Another factor for us in choosing Mexico over Hawaii: when we last visited the Big Island in the fall of 2021, the vibe was completely different. Instead of the warm and friendly Aloha spirit, it seemed the locals didn’t want us there. Only fair to downright poor service, not to mention the cold shoulder at beaches and other attractions.

    Friends and co-workers we’ve talked to here say much the same: Hawaii has gotten way too expensive, and way less welcoming, since the end of the pandemic. We’ve all been exploring other destinations for our dose of sun and sand, including the aforementioned Mexico, as well as Florida, Puerto Rico, Costa Rica, Tahiti, and Belize.

    Looking ahead to next spring, prices in Hawaii don’t look to be coming down much if at all. So, my husband and I will be off to the east coast of Mexico this time, probably the Tulum/Playa del Carmen area. We may come back to Hawaii someday, but it won’t be soon.

    1. Corbin,

      I think it starts at the top – attitudes that is. THe govt has been sending out the vibe that only the rich should come. I think they will be happy to wait for the high spenders from Asia. But, those folks may be going to Guam.

      In any case, it is my opinion that a tourist location needs low, middle and high spenders to be balanced and successful.

      Time will tell.


  10. If you check Hawaii’s tourism numbers all islands are running slightly lower then last year except Oahu who’s daily numbers are higher. Kauai has shown the largest drop off it’s currently running below 2019 numbers. Which backs Kauaidoug’s comments, where’s the surge?

  11. We are still travelling to Hawaii annually. We eat out a lot less and make our own meals. We may only do one activity (race, tour, etc.) in 2 weeks due to rising costs, if we do one at all. We spend more time walking, reading, and just relaxing.
    We are recently retired so now we have the time to be able to plan farther out. We are also doing a lot of research of trying to travel at low season when prices are better, use Discount Hawaii Car Rental to find the best rate, and have considered not renting a car at all, and we watch for air fare sales.
    So we still go as much as we have been but are and spending less than we did in the past.

  12. Aloha, editors. I am either in the Waimea Canyon state park or Kauai’s North Shore at least 5 times a month and I can tell you I’m still waiting on the usual summer influx of visitors. I actually got a parking place at black pot beach in the middle of the day! I kept thinking the crowds will surely start after July 4 but no.
    Americans are going places they couldn’t for the last 3 years but I am confident people will be back. I said it I before and il say it again. Kaua’i needs the world and the world needs Kaua’i! Prices in Hawaii will moderate by next year and we’ll all be happier. Aloha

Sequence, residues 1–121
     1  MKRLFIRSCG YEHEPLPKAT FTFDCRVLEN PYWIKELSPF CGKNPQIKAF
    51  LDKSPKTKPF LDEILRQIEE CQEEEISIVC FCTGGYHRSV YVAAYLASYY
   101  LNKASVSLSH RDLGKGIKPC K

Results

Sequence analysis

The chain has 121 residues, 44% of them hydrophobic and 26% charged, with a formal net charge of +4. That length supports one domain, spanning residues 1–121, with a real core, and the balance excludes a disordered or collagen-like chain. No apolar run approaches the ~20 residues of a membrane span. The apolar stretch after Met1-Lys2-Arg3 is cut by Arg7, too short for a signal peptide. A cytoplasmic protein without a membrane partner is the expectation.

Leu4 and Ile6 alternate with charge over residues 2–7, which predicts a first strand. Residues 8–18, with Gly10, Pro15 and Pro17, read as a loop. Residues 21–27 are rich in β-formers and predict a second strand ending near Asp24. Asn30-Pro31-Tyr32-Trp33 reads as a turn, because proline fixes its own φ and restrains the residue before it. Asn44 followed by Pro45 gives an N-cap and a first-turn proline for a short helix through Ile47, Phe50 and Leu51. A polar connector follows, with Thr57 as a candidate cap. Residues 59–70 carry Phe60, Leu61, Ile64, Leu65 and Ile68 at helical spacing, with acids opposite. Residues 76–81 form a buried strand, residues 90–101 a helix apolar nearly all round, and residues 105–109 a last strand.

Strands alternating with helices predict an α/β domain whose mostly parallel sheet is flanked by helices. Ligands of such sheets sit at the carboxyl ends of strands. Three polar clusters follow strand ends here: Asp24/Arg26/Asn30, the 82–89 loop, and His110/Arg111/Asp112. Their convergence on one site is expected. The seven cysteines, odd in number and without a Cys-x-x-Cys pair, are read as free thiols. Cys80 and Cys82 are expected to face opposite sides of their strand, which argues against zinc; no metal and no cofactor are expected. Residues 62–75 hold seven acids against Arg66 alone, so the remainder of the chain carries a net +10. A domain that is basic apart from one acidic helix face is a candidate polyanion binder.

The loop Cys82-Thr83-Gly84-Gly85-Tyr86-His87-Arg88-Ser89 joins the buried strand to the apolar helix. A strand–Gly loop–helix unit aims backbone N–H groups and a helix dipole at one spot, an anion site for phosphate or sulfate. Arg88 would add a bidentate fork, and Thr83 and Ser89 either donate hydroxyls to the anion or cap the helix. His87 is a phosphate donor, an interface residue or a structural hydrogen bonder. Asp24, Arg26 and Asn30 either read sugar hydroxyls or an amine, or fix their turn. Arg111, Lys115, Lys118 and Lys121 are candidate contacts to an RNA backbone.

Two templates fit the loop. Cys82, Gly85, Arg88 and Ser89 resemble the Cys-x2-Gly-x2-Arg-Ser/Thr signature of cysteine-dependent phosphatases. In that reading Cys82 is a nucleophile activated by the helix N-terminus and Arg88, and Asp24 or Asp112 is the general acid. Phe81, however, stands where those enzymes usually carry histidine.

1. Hi kauaidoug.

      Thanks for that update. Traveling around the state a great deal this summer, we’re finding the crowds to be less consistent and more intermittent. Things are changing.


  13. Went to Kona in May and I’ll just say the best food we had was cooked in our condo and 3 out of the 4 times we ate out was a huge expensive disappointment. Stop at a grocery store, fresh fish market, farmers market and you’ll be better off!

  14. I just told my wife we would have to cut back on food during our upcoming 16-day September vacation to Waikiki. She reminded me that we eat a lot in our room. So I told her no more ABC; we’ll have to buy food at a real grocery store. She reminded me that she only buys milk and precooked spaghetti meals at ABC. She reminded me that those $9 or $10 items last me for 2 meals.

    So, the only place we will be looking for savings is car rental!


  15. With high airfare prices, our trips back and forth to the mainland have been reduced from once a month to once a quarter. Fares that were $350 to Phoenix/Texas round trip are now over $1,000. So same spending, but reduced travel for us.

  16. An article in today’s (7/18/23) WSJ regarding the decreasing affluence in Europe could have an impact on Hawaii visitors. Two aspects, first is that there will probably be fewer visitors from Europe, as their economies continue to slide toward (or are already in) recession and citizens are experiencing continued high inflation. Secondly, the Euro and Pound will probably become cheaper. This will make European costs more affordable for those paying in US dollars, and the tourist industry may be lowering charges for hotels, cars, etc. as they seek to increase occupancy/business from US tourists.

    Hawaii tourist industry might want to take note of the competition for mainland visitors!

    We’ve been visiting Kauai annually for nearly all of the last 30 years, and hope to continue to our favorite destination.

    Gary, not Kitty

Scroll to Top